(A Case Study in Shifting Obligations)
Everyone has a business history. A first job. A first promotion. A first great success.
Our past jobs and positions follow us even after we have moved on. The choices we have had to make and the techniques we have found successful determine how we approach the work that passes our desks each morning.
In honor of Halloween, here is a story about a leader whose past jobs came back to haunt him. But don’t worry, this story has a happy ending.
A major construction company wanted to open a regional office in a new geographic area that showed promise. They appointed a general manager (GM) who had been successful in the field.
He began in the company as a pipefitter, moved up to project engineer and then became a supervisor overseeing the construction of large projects. After a year in his newest position, the GM was struggling to achieve the success expected of him.
We were hired to help the company understand the obstacles preventing the GM from succeeding. Think of us as corporate Ghostbusters.
After numerous interviews, several themes emerged: the GM spent too much time at construction sites rolling up his sleeves to work alongside laborers and not enough time developing the business; also, he neglected to network with key customers and significant business and governmental influencers.
The ghosts of the GM’s former jobs—lower-level positions—were haunting him in his current position, threatening to pull him down into the business netherworlds. The skills that had made him an excellent pipefitter and project manager were not suited to his new role.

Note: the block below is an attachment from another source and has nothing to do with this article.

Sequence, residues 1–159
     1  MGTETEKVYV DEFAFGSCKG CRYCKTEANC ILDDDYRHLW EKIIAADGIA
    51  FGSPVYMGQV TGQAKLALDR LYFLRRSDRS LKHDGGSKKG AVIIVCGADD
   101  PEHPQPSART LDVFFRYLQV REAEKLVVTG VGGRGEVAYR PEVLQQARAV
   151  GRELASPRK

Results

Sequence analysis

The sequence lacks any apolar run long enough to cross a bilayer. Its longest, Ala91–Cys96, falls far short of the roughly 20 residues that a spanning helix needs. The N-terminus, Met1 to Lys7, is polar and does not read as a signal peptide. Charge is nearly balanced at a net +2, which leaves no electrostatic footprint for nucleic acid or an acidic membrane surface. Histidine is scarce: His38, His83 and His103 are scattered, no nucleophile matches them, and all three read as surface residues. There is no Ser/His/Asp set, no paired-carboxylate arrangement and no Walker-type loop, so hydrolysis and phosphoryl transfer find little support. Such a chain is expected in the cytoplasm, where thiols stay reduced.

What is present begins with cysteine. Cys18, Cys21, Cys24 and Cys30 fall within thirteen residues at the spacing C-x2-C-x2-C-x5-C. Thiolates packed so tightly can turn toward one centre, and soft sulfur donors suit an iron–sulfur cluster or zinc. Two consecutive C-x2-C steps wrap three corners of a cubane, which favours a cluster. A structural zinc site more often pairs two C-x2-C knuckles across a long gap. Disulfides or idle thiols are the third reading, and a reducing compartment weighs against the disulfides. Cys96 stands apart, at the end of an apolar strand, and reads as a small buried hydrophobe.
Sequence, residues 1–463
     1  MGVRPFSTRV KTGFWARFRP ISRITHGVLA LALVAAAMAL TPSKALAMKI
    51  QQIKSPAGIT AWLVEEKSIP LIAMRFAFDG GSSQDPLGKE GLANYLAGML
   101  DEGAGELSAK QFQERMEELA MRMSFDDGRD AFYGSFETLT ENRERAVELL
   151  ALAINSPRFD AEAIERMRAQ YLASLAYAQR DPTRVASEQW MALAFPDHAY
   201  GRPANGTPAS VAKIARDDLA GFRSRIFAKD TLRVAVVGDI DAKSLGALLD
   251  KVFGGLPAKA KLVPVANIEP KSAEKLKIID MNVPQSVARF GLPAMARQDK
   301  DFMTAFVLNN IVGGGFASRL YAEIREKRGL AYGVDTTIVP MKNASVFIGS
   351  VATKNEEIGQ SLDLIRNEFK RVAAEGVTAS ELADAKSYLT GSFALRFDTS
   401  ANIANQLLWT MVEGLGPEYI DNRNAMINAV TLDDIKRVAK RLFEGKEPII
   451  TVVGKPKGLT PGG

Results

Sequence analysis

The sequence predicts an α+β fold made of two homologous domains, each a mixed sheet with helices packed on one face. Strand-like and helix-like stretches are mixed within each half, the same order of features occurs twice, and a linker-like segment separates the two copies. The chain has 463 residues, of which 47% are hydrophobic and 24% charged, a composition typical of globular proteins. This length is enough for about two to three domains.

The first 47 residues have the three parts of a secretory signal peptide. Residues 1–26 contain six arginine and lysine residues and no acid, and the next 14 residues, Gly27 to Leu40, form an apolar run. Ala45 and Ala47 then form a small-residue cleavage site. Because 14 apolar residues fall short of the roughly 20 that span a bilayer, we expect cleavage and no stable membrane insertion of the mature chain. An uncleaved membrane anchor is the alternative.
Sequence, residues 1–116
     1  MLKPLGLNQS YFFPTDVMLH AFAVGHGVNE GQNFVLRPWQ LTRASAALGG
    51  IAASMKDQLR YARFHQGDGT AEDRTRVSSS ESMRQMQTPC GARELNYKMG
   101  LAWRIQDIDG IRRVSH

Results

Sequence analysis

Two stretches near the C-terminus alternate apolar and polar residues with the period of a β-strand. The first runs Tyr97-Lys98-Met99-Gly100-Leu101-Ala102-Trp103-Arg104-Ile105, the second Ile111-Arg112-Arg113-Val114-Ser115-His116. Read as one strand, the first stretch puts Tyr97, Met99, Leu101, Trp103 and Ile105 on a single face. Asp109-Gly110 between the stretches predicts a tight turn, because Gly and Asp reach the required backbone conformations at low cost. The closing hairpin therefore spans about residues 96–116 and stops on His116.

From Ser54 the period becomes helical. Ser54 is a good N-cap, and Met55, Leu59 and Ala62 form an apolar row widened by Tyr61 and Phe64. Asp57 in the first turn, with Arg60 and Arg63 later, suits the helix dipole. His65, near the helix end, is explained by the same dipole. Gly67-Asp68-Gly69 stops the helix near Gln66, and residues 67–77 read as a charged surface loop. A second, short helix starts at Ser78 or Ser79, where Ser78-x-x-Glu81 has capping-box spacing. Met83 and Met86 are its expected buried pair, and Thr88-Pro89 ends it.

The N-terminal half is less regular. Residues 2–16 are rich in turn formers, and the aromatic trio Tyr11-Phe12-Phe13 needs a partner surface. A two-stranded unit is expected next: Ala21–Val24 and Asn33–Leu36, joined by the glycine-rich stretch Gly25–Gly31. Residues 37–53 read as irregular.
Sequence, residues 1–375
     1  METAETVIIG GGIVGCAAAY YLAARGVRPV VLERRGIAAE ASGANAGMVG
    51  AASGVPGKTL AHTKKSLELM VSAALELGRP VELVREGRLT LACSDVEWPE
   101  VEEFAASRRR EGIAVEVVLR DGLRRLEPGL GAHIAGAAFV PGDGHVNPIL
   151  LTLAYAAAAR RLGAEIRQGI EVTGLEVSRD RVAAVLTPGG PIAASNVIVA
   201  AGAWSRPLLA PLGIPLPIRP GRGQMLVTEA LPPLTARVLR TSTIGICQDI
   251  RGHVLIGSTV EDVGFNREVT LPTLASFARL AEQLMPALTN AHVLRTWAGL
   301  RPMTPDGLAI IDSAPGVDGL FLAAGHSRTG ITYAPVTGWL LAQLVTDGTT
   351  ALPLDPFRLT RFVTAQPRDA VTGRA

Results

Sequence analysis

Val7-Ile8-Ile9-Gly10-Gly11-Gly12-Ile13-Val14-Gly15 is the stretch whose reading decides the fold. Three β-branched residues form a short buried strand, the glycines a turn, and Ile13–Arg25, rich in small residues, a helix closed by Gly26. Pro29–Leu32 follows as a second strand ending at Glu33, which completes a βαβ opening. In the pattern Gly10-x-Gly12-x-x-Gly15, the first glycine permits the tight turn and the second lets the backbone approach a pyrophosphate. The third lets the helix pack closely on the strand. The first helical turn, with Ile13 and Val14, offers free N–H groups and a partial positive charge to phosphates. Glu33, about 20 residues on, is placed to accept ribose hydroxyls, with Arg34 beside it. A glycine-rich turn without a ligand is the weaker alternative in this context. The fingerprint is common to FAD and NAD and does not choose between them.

When these issues were presented to the GM, he acknowledged that he had difficulty changing his thinking from a cost-conscious project manager to an executive comfortable spending money to develop the business strategically.
In addition, he saw the success of projects as his responsibility and had difficulty delegating work to others. When the urgency of changing his approach was presented to him, he began hiring and promoting individuals to oversee construction, allowing him to begin engaging in the important strategic networking so critical for success.
While behaving strategically were foreign to him, ultimately he realized that he needed to change. Within three months of receiving this feedback, both the manager and home office began to see a significant turnaround. Within a year, the business had taken off.
The GM was alerted to his Ghosts of Jobs Past in time. Will you be?
THE TAKEAWAY: Our previous positions can sneak up on us like ghosts from the past, influencing the ways we interact and the choices we make. How do your previous positions help you in your current position? How might they come back to haunt you?
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